The land around Fort Lauderdale’s Lockhart Stadium could be transformed into a $60 million water park named Wet ‘n’ Wild Fort Lauderdale.
On Aug. 22, the City Commission approved Premier Parks LLC as the successful bidder in a request for proposals (RFP) to lease and develop 64 acres at the northwest corner of Commercial Boulevard and Northwest 12th Avenue, including the stadium. City staff will now draft and negotiate a lease agreement with the company, which would require City Commission approval.
Broward County has many community water parks at municipal parks, but no large-scale water parks that can pull tourists from long distances. The nearest one is Rapids Water Park in West Palm Beach, which is owned by Premier Parks.
Lockhart Stadium has previously hosted professional soccer matches and college football games, but has not be used frequently in recent years. Under Premier Parks’ proposal, it would renovate the stadium and attempt to attract more events, such as professional soccer, concerts, conventions and special events.
The city has been floated ideas for years about how to use the vacant land around the stadium for entertainment purposes. It appears this bidder has the experience to execute a major project.
Brick, New Jersey-based Premier Parks is led by former Six Flags CEO Kieran Burke. It owns and operates 15 theme and water parks in North America. It previously built Wet ‘n’ Wild Toronto.
Its bid application included a letter from EPR Properties (NYSE: EPR) stating that it would fund $50 million of the $60 million project in Fort Lauderdale.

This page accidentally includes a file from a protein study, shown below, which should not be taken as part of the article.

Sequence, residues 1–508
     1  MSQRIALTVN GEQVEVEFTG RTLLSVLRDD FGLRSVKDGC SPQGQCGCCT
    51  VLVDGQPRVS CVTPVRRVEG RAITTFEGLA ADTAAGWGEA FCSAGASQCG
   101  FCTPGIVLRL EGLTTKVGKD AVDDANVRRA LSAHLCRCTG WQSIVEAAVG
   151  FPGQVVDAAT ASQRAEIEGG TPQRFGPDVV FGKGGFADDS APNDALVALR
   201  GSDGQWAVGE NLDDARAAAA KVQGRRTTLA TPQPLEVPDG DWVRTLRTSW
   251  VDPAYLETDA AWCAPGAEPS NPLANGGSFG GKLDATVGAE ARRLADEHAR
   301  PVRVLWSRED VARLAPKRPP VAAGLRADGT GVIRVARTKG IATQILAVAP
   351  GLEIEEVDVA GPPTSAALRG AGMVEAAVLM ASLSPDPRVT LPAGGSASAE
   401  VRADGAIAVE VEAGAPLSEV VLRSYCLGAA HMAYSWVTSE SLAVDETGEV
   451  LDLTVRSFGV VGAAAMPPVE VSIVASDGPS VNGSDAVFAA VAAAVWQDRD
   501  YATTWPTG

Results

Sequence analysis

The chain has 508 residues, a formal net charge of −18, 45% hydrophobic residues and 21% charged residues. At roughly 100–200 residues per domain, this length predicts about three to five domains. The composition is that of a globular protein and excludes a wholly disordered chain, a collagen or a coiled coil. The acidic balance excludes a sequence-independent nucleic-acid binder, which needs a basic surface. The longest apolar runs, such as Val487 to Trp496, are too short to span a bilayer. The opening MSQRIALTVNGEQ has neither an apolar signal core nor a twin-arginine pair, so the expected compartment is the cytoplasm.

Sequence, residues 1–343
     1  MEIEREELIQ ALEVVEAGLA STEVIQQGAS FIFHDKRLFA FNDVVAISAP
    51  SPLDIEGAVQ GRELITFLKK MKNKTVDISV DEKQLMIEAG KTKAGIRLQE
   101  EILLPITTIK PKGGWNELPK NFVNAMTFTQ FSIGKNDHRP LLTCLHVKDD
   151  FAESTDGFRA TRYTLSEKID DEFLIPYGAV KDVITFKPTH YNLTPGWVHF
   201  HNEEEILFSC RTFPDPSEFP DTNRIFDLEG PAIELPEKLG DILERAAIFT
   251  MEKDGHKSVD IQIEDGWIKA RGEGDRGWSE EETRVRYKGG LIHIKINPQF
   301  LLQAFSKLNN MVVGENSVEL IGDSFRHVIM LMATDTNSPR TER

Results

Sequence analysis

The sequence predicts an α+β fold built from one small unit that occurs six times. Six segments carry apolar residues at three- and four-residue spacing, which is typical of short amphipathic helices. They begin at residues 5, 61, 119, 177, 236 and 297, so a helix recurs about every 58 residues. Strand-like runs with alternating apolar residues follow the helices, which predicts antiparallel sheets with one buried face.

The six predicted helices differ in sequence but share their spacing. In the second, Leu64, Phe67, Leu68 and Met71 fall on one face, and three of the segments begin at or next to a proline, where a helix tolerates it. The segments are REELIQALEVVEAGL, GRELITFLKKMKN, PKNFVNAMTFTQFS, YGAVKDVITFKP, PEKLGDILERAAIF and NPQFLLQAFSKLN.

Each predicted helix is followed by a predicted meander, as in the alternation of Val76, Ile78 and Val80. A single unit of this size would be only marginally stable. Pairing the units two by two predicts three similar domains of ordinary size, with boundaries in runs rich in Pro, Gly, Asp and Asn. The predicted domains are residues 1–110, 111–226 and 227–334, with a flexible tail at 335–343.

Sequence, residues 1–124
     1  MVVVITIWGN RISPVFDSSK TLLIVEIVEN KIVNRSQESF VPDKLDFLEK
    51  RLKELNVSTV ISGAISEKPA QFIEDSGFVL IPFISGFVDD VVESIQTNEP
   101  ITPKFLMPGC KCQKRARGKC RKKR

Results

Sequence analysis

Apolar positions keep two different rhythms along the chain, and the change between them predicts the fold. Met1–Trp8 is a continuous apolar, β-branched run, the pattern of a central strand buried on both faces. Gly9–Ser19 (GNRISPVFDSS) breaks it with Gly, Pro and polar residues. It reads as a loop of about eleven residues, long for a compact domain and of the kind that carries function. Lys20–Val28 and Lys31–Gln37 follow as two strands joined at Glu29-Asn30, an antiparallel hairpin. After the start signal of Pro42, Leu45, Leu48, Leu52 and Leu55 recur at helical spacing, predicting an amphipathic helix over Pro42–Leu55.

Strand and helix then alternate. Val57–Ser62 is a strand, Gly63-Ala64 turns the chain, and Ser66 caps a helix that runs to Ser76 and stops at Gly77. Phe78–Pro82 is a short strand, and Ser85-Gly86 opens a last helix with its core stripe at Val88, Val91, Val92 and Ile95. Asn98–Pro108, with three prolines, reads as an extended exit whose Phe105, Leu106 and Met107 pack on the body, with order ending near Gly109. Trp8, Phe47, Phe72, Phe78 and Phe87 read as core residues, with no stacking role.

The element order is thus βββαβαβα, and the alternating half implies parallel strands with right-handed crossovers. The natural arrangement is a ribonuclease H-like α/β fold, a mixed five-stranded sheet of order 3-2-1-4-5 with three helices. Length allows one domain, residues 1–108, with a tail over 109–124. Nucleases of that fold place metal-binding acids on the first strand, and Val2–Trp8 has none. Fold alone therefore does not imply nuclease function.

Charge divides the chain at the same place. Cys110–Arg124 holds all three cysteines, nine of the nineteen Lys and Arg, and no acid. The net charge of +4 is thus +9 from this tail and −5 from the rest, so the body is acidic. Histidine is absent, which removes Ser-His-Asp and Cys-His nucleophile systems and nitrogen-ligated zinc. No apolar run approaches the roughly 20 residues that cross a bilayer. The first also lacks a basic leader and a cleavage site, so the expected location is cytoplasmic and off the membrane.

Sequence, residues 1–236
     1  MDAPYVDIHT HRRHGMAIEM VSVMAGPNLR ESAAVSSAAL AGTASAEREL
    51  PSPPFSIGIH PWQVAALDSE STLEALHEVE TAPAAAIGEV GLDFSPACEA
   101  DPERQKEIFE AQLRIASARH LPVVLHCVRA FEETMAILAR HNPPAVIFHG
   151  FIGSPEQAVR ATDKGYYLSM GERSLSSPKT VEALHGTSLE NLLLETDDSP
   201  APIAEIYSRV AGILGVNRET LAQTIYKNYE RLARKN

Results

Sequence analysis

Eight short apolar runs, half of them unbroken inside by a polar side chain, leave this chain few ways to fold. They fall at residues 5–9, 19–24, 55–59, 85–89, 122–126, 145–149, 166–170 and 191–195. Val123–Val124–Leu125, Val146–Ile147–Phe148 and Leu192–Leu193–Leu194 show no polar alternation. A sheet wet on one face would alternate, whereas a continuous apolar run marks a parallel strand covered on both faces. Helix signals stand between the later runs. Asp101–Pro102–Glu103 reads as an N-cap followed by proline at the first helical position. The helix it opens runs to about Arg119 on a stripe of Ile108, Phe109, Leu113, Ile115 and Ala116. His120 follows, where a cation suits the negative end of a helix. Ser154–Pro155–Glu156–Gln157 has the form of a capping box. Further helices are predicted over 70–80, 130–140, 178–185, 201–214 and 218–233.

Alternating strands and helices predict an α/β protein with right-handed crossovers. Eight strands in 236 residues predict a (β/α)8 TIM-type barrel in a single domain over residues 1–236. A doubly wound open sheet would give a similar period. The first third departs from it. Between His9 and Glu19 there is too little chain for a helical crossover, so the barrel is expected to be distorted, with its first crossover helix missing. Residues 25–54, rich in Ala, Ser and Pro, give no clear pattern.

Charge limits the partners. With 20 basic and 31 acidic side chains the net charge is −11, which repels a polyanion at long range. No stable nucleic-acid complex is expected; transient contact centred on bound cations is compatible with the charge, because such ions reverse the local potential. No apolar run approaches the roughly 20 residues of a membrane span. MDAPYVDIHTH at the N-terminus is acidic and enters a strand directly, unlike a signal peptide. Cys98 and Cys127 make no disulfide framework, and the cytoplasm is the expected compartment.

Premier Parks’ partners in Wet ‘n’ Wild Fort Lauderdale would include Aquatic Development Group as the designer, ProSlide as the provider of the water rides, Cartaya & Associates Architects, and planning firm Chen Moore and Associates. ProSlide procured all of the slides for the new Volcano Bay Water Park in Orlando and some of the slides for Disney’s Blizzard Beach and Typhoon Lagoon.
Among the features of Wet ‘n’ Wild Fort Lauderdale highlighted in the presentation:
– A tidal river/wave pool combination.
– An adventure river with a fast-paced ride through waterfalls and geysers.
– The Bear Foot Lagoon with seven waterslides, 11 climbing pods, 103 play features and a giant tipping bucket with 1,000 gallons dumping water every 90 seconds.
– Wet ‘n’ Wild junior for guests seven and under to enjoy mini wave pools and slides.
– The Giant Mammoth River twin slides with 400-foot-long slides for six-person rafts plus 600-foot-long slides.
– A Super Loop with two 70-foot-tall slides where the floor drops out from under riders.
– The Octopus Racer with multiple slides featuring of head-first mat racing.
– Neptune’s Revenge with four themed slides, such as flying saucers and tornadoes.
Premier Parks would also build four athletic fields near the stadium to cost competitions and matches for soccer, lacrosse and cheer leading.
On the financial side, Premier Parks proposed a 50-year lease with a base rent that would be the greater of $825,000 a year or 4 percent of gross revenue. It estimated the annual operating expenses would exceed $30 million.
Construction would take 12 to 15 months and create 400 to 500 jobs, the developer said.